Bogus $50 Bills Lead to Sioux Falls Arrests
by Tom Hanson, Anchor
July 10, 2013 9:42 PM
Police are trying to sort out a counterfeiting case that landed four people in jail in Sioux Falls.
They followed a trail of phony bills, and ended up arresting the suspects on a long list of other charges.
It all started here at the Lucky Lady Casino 11th street near downtown.
Police say a woman tried to pass five $50 bills, but the clerk noticed something funny about the bills and alerted police.
When officers arrived they confronted 40 year old Ronnie Hudson, who handed over the bills.She told police she got them from a friend. Police contacted the friend, who is a tattoo artist.
He gave a woman a tattoo and was paid in cash, which turned out to be counterfeit.
Police contacted 22 year old Kayla Potratz who got the tattoo and asked her to come to the Lucky Lady Casino.
She arrived but police say Potratz was scared off by all the police cars and told a friend she was in the area of 14th and Minnesota.
Department spokesman, Officer Sam Clemens says they had another officer who found her at a nearby gas station. There were two men in a car with her; police say they found a fake $20 bill in the car. Officers say they also found a 40 caliber handgun, 2 sets of brass knuckles and a small amount of meth.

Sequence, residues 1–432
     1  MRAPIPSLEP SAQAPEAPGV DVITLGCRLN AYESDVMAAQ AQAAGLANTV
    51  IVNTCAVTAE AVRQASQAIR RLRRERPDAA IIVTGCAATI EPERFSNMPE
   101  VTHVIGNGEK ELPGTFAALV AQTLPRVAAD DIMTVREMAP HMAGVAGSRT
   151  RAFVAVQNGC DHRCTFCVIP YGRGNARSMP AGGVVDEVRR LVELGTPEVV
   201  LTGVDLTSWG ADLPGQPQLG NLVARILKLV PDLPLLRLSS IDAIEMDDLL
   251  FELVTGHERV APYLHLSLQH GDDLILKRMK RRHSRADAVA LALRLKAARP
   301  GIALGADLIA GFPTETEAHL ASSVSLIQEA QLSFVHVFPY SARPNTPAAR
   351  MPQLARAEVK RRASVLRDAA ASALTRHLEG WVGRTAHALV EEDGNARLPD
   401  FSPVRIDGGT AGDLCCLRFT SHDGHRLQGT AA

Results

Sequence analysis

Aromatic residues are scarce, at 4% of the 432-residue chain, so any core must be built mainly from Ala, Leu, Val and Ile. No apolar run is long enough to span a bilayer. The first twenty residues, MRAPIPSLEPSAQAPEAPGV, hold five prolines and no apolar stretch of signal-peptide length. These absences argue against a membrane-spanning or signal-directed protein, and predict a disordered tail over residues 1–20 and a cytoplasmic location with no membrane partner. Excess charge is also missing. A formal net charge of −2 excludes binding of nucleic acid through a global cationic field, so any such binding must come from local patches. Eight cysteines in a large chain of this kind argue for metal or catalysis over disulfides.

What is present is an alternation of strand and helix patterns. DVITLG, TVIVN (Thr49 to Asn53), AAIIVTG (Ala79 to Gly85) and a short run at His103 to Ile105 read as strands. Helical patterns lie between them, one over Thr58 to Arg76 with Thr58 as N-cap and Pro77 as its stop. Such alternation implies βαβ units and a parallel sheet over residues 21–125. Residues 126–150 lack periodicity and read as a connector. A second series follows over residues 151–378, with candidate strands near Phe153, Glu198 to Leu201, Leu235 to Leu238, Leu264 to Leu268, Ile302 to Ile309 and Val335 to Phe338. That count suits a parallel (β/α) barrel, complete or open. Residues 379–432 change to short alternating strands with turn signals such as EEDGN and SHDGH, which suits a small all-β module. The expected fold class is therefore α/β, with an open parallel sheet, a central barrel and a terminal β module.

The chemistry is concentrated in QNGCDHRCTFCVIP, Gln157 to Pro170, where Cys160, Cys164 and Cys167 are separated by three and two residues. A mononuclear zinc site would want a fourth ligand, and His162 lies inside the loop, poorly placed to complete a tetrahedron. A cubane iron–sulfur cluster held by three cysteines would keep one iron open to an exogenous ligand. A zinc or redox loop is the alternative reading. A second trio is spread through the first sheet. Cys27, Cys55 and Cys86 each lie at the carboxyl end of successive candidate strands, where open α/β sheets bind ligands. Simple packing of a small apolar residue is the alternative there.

After it was all said and done, 4 people were hauled to jail on a wide variety of charges.
The woman police say originally tried use the fake money, probably didn't know it was fake.
However police say they found meth on Ronnie Hudson and charged her with possession.
Potratz, who is from Sioux Falls and who was in the car with the two men is facing concealed weapon and possession of meth charges.
Travis Mayberry is charged with possession of counterfeit money, possession of a controlled substance and a concealed weapon.
And Charles Davis is charged with possession of counterfeit money, aggravated assault, and possession of a concealed weapon and possession of meth.
Police have collected the counterfeit money and will work with federal authorities to track down the source.
The Secret Service, which is a part of the U.S. Treasury Department, handles most counterfeiting cases.